03/24/13: CNN reports the Pakistani Taliban vowed Sunday to assassinate former President Pervez Musharraf if he returns to the country as planned. A spokesman said in a video message that the group will send out a “death squad” to kill him, and Pakistani authorities also seek his arrest on corruption charges. Since resigning in 2008, Musharraf has spent five years in self-imposed exile in London and Dubai. He plans to fly on a commercial airline into Karachi on Sunday, then attend a rally that will include Pakistani expatriates from the United States, Canada, the United Kingdom, and the United Arab Emirates. He plans to lead his political party into Pakistan’s general elections slated for May. In 1999, Musharraf, the-then chief of Pakistan’s army, became President in a bloodless military coup. He remained in power until resigning in 2008.
03/18/13: Al Jazeera reports Yemen has launched a UN-backed national dialogue aimed at paving the way for a new constitution and elections. At least 500 representatives of Yemen’s various political groups, including secessionists in the south, Zaidi Shi‘a rebels in the north, and civil society representatives, are taking part in the dialogue in Sanaa. The participants in the dialogue aim to draft a new constitution and prepare for general elections in February 2014, after a two-year transition led by President Abdrabuh Mansur Hadi. Yemen, the only country where the Arab Spring revolt led to a negotiated settlement, is holding the dialogue as part of a UN-brokered deal that eased former president Ali Abdullah Saleh out of office following an 11-month uprising against his 33-year rule.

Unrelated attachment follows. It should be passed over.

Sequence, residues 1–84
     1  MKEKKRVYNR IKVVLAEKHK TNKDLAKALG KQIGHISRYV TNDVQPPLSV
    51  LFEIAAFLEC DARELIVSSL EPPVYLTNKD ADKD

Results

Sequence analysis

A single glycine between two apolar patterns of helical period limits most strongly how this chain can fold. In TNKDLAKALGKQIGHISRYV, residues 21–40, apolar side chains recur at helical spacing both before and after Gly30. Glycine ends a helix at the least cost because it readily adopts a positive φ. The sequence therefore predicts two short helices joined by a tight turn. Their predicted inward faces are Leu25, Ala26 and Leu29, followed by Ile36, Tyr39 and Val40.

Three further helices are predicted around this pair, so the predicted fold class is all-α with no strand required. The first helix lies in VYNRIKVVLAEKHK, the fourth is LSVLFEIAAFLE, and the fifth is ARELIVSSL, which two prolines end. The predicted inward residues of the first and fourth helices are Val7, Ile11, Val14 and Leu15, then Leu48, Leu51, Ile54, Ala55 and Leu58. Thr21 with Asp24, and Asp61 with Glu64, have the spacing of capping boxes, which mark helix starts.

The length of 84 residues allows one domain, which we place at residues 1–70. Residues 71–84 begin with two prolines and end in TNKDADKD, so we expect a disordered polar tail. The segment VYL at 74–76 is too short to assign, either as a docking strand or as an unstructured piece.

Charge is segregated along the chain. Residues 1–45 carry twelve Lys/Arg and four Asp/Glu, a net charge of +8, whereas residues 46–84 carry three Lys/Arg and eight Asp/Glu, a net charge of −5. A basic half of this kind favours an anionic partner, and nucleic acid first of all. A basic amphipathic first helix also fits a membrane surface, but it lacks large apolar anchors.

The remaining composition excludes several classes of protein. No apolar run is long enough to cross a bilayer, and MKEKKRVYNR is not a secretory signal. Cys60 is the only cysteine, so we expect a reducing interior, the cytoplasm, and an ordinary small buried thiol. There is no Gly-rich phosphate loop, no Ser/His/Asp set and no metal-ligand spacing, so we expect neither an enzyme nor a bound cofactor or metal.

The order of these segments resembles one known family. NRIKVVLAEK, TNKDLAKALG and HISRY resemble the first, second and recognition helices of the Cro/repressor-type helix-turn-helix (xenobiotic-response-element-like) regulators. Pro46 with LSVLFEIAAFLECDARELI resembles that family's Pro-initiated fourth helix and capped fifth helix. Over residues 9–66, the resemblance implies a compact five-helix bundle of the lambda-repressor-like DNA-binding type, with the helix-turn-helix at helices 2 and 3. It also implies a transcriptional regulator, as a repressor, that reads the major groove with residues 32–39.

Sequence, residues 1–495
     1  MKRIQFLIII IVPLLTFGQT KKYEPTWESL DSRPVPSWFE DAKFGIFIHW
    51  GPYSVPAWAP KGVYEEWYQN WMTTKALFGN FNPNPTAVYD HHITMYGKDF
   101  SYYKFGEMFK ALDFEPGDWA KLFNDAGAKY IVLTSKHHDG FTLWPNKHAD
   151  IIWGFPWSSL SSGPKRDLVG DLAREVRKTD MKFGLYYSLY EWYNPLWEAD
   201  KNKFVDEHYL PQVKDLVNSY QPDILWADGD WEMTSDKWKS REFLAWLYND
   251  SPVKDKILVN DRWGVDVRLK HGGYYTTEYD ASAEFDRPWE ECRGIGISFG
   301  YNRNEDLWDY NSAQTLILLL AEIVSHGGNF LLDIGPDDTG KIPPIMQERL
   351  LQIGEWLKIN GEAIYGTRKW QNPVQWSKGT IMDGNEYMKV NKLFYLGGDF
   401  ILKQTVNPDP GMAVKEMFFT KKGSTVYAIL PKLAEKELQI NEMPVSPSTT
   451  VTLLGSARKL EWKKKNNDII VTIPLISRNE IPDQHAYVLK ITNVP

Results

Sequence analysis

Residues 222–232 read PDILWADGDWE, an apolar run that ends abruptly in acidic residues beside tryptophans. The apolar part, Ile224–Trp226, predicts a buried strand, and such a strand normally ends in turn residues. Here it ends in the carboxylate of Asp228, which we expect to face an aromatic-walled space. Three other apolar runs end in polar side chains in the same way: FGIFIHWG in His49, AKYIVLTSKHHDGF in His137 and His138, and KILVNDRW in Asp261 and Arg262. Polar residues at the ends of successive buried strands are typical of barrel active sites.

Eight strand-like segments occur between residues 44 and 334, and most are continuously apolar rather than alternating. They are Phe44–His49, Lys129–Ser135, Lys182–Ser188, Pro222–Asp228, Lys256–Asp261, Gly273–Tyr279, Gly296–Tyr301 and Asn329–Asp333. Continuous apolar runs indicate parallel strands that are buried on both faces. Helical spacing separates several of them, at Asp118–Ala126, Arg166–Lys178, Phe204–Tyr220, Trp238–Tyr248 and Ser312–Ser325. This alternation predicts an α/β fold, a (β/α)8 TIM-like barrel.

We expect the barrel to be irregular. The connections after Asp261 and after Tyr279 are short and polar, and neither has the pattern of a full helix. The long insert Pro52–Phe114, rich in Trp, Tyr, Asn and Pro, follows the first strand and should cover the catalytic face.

03/17/13: Haaretz reports Bulgaria's new interim Prime Minister said Saturday he would not initiate any move to impose EU sanctions on the Islamist group Hezbollah, even though the country had implicated Hezbollah in a bombing at a Black Sea resort. Marin Raikov did not give a reason for his decision, but it will likely be seen as a concession to Bulgarian opposition groups, who have argued the country could open itself up to more attacks if it takes the lead in blacklisting Hezbollah. "Bulgaria will not initiate a procedure [for listing Hezbollah as a terrorist organization]," Raikov told state media. "We will only present the objective facts and circumstances and let our European partners decide." Last month, then-Interior Minister Tsvetan Tsvetanov said an investigation had linked Hezbollah to the Black Sea attack.
March 17, 2013 at 10:04 AM in Law Enforcement / Criminal Law, Terrorism / Counterterrorism, Politics, Diplomacy / Foreign Assistance, International Law / Law of War / Human Rights, Terrorist Finance / Material Support, Europe / Eurasia, Middle East / Northern Africa, Financial / Diplomatic Sanctions | Permalink